Fifty or sixty years ago the world was full of great men, saying, writing, thinking, great things. To-day--perhaps it is too early to speak of to-day. Personalities are so little marked by their clothes, by any stamp of individuality, that the caricaturist, or even the minute and truthful artist, be he painter or writer, has a difficult task before him when he sets out to point at the men of these our times.
George Brummell came into the world on June 7, 1778. He was a year or so late for the Macaroni style of dress, many years behind the Fribbles, after the Smarts, and must have seen the rise and fall of the Zebras when he was thirteen. During his life he saw the old-fashioned full frock-coat, bagwig, solitaire, and ruffles die away; he saw the decline and fall of knee-breeches for common wear, and the pantaloons invented by himself take their place. From these pantaloons reaching to the ankle came the trousers, as fashionable garments, open over the instep at first, and joined by loops and b.u.t.tons, then strapped under the boot, and after that in every manner of cut to the present style. He saw the three-cornered hat vanish from the hat-boxes of the polite world, and he saw fine-coloured clothes give way to blue coats with bra.s.s b.u.t.tons or coats of solemn black.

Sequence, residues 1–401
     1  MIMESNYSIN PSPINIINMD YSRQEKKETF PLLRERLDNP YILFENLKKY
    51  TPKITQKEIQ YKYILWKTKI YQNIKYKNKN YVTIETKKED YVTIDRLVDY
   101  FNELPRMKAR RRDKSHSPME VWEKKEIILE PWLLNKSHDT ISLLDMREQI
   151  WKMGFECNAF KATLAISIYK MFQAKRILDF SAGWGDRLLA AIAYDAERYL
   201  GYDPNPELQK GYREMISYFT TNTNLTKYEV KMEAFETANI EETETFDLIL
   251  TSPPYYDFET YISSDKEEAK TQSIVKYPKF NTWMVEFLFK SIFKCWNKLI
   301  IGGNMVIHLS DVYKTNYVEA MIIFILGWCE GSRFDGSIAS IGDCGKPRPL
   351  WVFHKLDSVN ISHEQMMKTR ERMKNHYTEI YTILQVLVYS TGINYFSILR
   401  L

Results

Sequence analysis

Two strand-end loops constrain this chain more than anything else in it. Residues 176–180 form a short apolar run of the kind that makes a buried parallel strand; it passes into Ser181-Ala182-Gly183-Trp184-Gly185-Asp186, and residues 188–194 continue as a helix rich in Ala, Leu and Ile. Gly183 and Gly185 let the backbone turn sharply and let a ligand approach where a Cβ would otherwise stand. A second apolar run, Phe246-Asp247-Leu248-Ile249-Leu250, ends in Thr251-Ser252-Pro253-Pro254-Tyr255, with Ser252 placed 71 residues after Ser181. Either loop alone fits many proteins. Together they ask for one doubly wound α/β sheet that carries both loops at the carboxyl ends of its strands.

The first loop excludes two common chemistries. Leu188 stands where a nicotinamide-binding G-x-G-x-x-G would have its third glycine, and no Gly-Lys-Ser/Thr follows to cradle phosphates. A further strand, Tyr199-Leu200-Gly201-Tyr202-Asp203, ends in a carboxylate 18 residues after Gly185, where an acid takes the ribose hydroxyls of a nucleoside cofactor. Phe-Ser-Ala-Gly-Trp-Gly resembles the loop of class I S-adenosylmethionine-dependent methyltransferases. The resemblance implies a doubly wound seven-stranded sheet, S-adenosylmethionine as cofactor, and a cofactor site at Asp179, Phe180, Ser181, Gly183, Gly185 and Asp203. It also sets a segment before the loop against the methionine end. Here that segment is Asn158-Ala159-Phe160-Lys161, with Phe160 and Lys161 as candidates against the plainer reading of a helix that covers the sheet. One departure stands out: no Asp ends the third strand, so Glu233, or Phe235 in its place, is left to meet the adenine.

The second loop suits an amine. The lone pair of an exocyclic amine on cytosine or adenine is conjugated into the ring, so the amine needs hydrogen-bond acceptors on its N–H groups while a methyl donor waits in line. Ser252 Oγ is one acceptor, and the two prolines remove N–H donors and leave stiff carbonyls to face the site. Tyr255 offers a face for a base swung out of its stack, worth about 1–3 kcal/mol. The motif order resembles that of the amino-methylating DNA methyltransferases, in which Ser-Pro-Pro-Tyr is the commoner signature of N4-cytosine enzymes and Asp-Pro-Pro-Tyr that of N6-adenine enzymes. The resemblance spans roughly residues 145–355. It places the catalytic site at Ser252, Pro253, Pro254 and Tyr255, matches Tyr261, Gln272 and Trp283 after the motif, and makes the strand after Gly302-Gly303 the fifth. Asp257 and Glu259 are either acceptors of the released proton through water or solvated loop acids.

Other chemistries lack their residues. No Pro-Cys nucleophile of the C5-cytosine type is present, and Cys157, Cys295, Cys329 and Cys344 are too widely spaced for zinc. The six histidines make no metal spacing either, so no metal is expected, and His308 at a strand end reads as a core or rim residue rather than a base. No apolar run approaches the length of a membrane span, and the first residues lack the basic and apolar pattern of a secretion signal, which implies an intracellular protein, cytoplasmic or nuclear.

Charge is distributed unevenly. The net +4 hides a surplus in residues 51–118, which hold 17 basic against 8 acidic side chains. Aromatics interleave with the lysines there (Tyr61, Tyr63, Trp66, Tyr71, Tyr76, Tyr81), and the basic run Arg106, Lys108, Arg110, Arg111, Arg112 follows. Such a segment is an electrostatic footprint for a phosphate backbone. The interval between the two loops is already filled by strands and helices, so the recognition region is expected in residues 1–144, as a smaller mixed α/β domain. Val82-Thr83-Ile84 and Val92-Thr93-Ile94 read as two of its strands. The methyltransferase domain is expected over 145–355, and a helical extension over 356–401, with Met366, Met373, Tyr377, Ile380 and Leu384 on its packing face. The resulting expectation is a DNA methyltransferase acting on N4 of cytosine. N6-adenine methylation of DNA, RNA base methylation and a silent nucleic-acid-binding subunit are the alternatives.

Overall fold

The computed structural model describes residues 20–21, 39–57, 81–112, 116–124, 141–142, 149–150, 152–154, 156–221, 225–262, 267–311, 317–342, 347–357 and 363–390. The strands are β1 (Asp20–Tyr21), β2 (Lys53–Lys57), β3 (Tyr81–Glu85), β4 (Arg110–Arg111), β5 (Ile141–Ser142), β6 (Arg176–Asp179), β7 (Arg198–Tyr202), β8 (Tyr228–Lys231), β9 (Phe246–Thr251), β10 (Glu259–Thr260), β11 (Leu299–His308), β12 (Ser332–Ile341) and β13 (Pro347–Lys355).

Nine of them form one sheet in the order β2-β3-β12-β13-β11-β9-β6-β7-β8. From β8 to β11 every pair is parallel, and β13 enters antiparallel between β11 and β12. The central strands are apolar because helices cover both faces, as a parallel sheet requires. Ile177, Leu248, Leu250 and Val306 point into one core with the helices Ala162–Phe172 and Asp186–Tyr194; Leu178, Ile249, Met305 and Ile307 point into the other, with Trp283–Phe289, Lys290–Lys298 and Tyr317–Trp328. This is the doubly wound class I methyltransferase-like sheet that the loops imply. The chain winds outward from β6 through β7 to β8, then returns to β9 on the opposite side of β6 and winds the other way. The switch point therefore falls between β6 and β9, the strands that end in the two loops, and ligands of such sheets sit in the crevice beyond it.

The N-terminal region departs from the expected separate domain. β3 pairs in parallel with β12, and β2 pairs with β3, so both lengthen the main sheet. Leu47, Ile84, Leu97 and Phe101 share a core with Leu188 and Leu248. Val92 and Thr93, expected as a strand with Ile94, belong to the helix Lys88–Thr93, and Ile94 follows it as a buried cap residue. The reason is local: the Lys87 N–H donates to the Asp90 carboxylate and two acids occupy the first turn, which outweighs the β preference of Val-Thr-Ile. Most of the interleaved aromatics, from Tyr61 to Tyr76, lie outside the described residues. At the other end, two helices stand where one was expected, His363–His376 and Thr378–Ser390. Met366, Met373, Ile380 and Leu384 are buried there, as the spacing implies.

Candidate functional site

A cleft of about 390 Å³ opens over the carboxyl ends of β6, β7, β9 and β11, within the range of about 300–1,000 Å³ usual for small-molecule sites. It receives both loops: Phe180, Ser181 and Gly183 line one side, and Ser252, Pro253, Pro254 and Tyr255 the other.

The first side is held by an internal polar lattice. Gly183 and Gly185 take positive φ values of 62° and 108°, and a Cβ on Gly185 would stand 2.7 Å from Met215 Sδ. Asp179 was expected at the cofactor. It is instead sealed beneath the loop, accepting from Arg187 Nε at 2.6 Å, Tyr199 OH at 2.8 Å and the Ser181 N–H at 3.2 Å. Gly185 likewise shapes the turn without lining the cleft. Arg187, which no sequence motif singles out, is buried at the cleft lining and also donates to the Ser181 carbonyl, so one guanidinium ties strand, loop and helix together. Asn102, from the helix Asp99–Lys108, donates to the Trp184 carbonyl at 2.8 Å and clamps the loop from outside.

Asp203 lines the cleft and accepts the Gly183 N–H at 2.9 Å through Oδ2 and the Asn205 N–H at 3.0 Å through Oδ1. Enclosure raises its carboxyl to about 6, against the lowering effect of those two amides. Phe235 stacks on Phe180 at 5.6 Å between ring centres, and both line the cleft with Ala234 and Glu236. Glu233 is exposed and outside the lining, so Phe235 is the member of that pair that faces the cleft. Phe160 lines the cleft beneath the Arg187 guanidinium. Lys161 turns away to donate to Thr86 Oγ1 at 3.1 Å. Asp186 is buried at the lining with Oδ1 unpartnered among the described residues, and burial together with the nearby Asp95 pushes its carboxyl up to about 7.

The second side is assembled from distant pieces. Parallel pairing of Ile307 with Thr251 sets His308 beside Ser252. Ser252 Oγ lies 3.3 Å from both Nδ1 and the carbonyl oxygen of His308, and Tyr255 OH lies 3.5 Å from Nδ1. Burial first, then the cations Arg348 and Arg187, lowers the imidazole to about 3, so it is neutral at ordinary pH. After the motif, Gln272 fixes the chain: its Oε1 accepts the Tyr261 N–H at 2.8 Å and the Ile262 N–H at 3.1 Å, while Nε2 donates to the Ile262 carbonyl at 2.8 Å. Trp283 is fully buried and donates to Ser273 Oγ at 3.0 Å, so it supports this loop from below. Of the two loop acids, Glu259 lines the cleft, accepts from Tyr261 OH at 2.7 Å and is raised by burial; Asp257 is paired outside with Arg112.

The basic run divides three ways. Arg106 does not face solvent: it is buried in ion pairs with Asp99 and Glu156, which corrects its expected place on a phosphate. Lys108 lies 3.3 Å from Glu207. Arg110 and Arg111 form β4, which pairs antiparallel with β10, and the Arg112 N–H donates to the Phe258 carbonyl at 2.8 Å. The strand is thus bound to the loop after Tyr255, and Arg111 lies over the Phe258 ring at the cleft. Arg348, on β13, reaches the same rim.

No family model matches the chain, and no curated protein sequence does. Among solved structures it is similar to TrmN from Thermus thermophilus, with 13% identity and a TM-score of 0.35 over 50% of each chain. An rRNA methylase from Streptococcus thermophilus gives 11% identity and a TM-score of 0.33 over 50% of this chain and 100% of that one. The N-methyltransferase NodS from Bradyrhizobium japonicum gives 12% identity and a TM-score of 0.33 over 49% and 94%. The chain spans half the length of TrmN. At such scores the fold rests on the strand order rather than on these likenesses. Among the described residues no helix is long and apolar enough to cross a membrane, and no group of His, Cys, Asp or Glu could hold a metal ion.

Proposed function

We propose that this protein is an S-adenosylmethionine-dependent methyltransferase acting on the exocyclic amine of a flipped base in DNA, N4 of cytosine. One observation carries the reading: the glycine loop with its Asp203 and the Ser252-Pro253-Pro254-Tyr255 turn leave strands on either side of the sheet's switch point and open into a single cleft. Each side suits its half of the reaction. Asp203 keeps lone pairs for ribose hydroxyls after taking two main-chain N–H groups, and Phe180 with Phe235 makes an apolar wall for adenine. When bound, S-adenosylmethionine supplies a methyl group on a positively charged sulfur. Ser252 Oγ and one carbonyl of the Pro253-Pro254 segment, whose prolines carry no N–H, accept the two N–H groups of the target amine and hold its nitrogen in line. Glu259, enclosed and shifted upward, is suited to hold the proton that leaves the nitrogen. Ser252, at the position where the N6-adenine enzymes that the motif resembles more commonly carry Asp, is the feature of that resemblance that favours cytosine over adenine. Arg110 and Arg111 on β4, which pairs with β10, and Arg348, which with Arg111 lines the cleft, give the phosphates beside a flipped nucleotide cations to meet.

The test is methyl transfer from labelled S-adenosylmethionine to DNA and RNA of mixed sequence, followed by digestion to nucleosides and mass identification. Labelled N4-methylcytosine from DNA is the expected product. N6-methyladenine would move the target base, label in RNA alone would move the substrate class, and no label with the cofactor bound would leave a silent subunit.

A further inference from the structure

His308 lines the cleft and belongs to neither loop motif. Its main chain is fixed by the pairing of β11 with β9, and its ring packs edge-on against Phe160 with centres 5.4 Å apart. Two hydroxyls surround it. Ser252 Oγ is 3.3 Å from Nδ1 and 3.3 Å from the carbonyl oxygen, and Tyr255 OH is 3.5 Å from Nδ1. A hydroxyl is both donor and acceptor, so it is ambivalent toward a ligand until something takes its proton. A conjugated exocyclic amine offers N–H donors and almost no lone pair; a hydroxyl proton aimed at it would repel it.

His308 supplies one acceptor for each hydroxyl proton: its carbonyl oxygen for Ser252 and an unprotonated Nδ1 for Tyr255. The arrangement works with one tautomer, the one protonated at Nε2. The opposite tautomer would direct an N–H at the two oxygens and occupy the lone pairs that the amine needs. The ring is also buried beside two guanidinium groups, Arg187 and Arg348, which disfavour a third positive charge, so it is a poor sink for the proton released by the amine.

It may be said that England went into mourning over the French Revolution, and has not yet recovered. Beau Brummell, on his way to Eton, saw a gay-coloured crowd of powdered and patched people, saw claret-coloured coats covered with embroidery, gold-laced hats, twinkling shoe-buckles. On his last walks in Caen, no doubt, he dreamed of London as a place of gay colours instead of the drab place it was beginning to be.
To-day there is no more monotonous sight than the pavements of Piccadilly crowded with people in dingy, sad clothes, with silk tubes on their heads, their black and gray suits being splashed by the mud from black hansoms, or by the scatterings of motor-cars driven by aristocratic-looking mechanics, in which mechanical-looking aristocrats lounge, darkly clad. Here and there some woman's dress enlivens the monotony; here a red pillar-box shines in the sun; there, again, we bless the Post-Office for their red mail-carts, and perhaps we are strengthened to bear the gloom by the sight of a blue or red bus.
But our hearts are not in tune with the picture; we feel the lack of colour, of romance, of everything but money, in the street. Suddenly a magnificent policeman stops the traffic; there is a sound of jingling harness, of horses' hoofs beating in unison. There flashes upon us an escort of Life Guards sparkling in the sun, flashing specks of light from swords, breastplates, helmets. The little forest of waving plumes, the raising of hats, the polite murmuring of cheers, warms us.
We feel young, our hearts beat; we feel more healthy, more alive, for this gleam of colour.
Then an open carriage pa.s.ses us swiftly as we stand with bared heads.
There is a momentary sight of a man in uniform--a man with a wonderful face, clever, dignified, kind. And we say, with a catch in our voices:
'THE KING--G.o.d BLESS HIM!'